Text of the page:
Nature Runs Riot in April


Despite the fact that we have received little rain during this springtime period in SW FL, many flowers are blooming. This meadow beauty (Rhexia) is one of many that prefers wet meadows. It has unusually showy yellow anthers. Fertilization occurs primarily by buzz pollination when bumblebees vibrate their thoracic muscles rapidly, causing pollen to come out of pores. It is interesting to contemplate how such a specialized method of pollination came about and how the bees know which flowers are designed for different types of pollen collection..

One of my favorite seaside halophytic plants is the seagrape, a small tree in the buckwheat family. It has huge beautiful green leaves with reddish veins and the long sprays of small white flowers are the precursors to an edible fruit. Some homeowners despise it because the large leaves all drop in late winter, so it is considered a “messy” plant. Since I use the leaves as a natural mulch to encourage the animal community of the litter layer, I find this complaint a very minor argument against a stalwart member of the back dune community which provides shade and food for wildlife.

The warm weather has spawned large numbers of dragonflies which whirl around the edges of ponds in a confusing mass of color and movement. Occasionally when they stop on a twig you have the opportunity to make certain of their identity. This odd couple of males was an adjacent roseate skimmer and blue dasher. Male dragonflies tend to be gaudy in color, the better to compete for territory and females. The roseate skimmer is one of the more spectacular and proves the point that virile males can wear pink ! For such primitive insects, dragonflies certainly have a complex social structure.

Another thing that is brought out by warm weather is spiders and in particular a large exotic tropical wall spider called the huntsman. We are used to these in southern Florida and rather than getting freaked out by their large size and creepy way of running around on the walls, I have learned to appreciate them as a means of biological control of roaches. But it is wise on entering a bathroom at night to watch where you step!

The brown or Cuban anole, an exotic lizard, is extremely common in Florida and is the basis of an important food chain to predatory reptiles and birds. A down side of their abundance is that they have apparently out-competed the native green anole, which is now very rarely seen. I did see one recently at Urfer Park in Sarasota and counted this a special day as a result. Although they are commonly called chameleons since they can change from green to brown, they are of course not related to these Old World lizards but instead to iguanas. In this photo of the head you can see the external ear and the movable eyelid, neither of which occur in their close relatives the snakes, which lost these when they became burrowers.

Another rarely seen reptile is this red morph mangrove snake which I found in a salt marsh on Palm Island. You should be able to see that there is no external ear and the eye is covered by an transparent piece of keratin/skin. This snake is related to typical colubrids and not to the true sea snakes which are mostly venomous. Its closest relative is the freshwater banded water snake but it differs in being both slow to dehydrate and able to resist the urge to drink sea water (and die) when it becomes dehydrated.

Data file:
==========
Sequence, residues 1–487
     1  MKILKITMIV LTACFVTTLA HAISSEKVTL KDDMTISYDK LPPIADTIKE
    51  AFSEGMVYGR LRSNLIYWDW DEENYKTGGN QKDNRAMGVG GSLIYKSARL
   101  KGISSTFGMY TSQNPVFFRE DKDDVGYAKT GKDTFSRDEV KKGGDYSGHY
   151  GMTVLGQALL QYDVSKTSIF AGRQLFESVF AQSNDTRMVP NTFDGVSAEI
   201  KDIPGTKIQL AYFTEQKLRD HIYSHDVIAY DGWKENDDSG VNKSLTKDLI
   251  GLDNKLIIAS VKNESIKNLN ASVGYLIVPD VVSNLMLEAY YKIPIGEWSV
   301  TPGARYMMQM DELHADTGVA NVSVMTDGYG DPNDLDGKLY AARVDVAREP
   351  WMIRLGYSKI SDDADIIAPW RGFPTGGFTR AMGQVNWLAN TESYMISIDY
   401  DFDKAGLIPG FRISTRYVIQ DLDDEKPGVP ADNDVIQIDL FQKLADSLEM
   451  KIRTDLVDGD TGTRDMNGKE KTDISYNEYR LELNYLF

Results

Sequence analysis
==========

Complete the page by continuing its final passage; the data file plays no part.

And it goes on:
The mottled duck is closely related to mallards and black ducks and is often seen in fresh water or salt water marshes. However we have several mottled ducks which spend time on the beach at Palm island which is somewhat of a mystery to me. What are they doing there and what are they feeding on? Unlike the mallard, the male and female mottled duck are almost identical. Like the mallard, wood ducks have a gaudy male and a drab female, and they are limited to fresh water and nest in cavities in trees. I was intrigued by the preening behavior of this male wood duck and how the female extended her head forward to be caressed by the male, a very touching part of courtship behavior.

A bird that the ducks would not like to encounter was this juvenile bald eagle which landed on an oyster bar on Palm Island. Eagles may forage for dead fish along shores and they are fond of catching ducks for food. This young bird, which may be only a few months old, has another four years to mature before it gains the iconic white head and tail. It will likely fly up the eastern part of N America while maturing and while it searches for an open territory.

Spring is a fantastic time of mass breeding and migration and is a most exciting time of year for the naturalist. It is also mind boggling and challenging to remember and learn old and new names of plants and animals, some of which may not have been seen for a year.

Bill Dunson

About Bill Dunson

Bill Dunson, born in rural Georgia, skipped 12th grade and went directly to Yale. Bill subsequent-ly received a PhD in Zoology from the University of Michigan, studying softshell turtles. Bill is Professor Emeritus of Pennsylvania State University thanks to a career spent entirely at that institution, teaching and doing research on the physio-logical ecology and ecotoxiciology of reptiles, amphibians and fish. Always curious about nature, Bill has dedicated his life to learning and sharing his knowledge with others. He has served on many advisory boards here in Southwest Florida to preserve the water that gives life to our region.

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